Food & the City is a new series of articles related to food and culture in Vancouver, and possibly beyond. The first article in this series looks at Sai Woo in Vancouver’s historic Chinatown, delving into the stories behind the food. Special thanks to Salli Pateman, owner of Sai Woo, for all of her help.
“Sai Woo means West Lake,” Salli Pateman remarked as she pointed out a gold leaf pagoda painted at the entrance to the restaurant, while preparation for the evening’s meals began in the open kitchen at the back. Work begins early at Sai Woo -meals are prepared well in advance of the first evening customers when the doors open for dinner. “West Lake Park has influenced poets and artists throughout Chinese history for its beautiful gardens and historical relics,” she further clarified.
Salli was referring to the scenic Sai Woo Park in the historic city of Hangzhou. Indeed, the restaurant’s surprisingly airy dining space in a city lacking room for expansion was already living up to the fabled charm of its namesake. Intricate ceramics and decorations were provided by Bamboo Village from across the street. A welcoming dragon on the sidewalk and painted murals by Milan Basic adorn the brick walls. One depicts the pioneering American actress Anna May Wong, chosen because her story resonated with the blatant discrimination occurring in Chinatown during the same era. And shrouded in shadows on the opposite wall is a portrait of a Chinese gentleman, who had been a local tailor and one of the founding members of the Chin Wing Chun Society, owners of 158 East Pender Street. This was the grandfather of Howard, her realtor from the nearby Main Realty, who had deftly managed the translations and agreements with the society members. Their council rooms and stained glass dome remained beautifully preserved on the top floor of the building, almost unchanged despite almost a century of history. And behind the dining tables the fusion dishes dreamt up by Chef Keev Mah were prepared, a testament to the nature of Vancouver as a meeting place for people from all over the world. And downstairs in the basement is a 75 seat lounge where the TEDx-inspired Woo Talks are held monthly. It was formerly a seafood restaurant whose owner died downstairs of a heart attack-it’s said that his spectral presence still amiably haunts the basement, sometimes breaking glasses and bottles.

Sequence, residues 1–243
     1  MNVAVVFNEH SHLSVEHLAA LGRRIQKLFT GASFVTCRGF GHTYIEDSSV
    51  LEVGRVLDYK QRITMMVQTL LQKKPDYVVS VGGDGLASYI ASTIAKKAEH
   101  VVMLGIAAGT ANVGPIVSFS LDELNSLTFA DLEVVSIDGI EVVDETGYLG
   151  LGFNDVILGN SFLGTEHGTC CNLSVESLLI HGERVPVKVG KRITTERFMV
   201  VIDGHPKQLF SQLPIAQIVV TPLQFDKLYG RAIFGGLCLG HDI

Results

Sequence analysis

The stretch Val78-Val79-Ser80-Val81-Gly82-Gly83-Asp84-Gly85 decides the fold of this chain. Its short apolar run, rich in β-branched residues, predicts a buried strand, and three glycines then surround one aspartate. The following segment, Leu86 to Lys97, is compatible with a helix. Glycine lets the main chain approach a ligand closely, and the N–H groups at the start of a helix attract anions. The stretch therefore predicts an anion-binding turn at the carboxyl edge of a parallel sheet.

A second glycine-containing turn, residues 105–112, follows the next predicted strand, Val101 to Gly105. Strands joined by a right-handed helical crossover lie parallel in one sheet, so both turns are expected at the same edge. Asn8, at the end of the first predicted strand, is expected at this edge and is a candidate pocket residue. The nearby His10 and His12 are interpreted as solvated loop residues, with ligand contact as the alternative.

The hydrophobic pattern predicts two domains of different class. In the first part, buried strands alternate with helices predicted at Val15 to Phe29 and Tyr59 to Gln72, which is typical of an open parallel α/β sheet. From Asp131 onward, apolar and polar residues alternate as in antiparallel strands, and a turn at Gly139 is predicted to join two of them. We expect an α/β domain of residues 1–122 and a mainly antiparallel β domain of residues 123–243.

Several years ago, Salli, who was looking for the site of a potential new restaurant, initially turned down the offer to lease the space. It had always been a place where the locals went to for meals, having being home to the original Sai Woo Chop Suey in the 1920s before being taken over by New Town Bakery, which eventually moved out in 2010. The rent was cheap but the costs involved in upgrading it would be enormous. The space was too filthy, structurally unsound, and certainly not ‘ready to go’ despite the enthusiastic advertisements. Yet she found herself returning to the building, drawn to its past and its architecture. Eventually it was an old photograph which prompted her to make a decision. The photo, which now graces Sai Woo’s business cards, depicts a group of cooks and suited customers standing outside Sai Woo Chop Suey, casually watching the Lunar New Year parade down East Pender Street in 1936. It was that connection to the past in a city lacking one that finally persuaded her to take on the task of bringing Sai Woo back to life.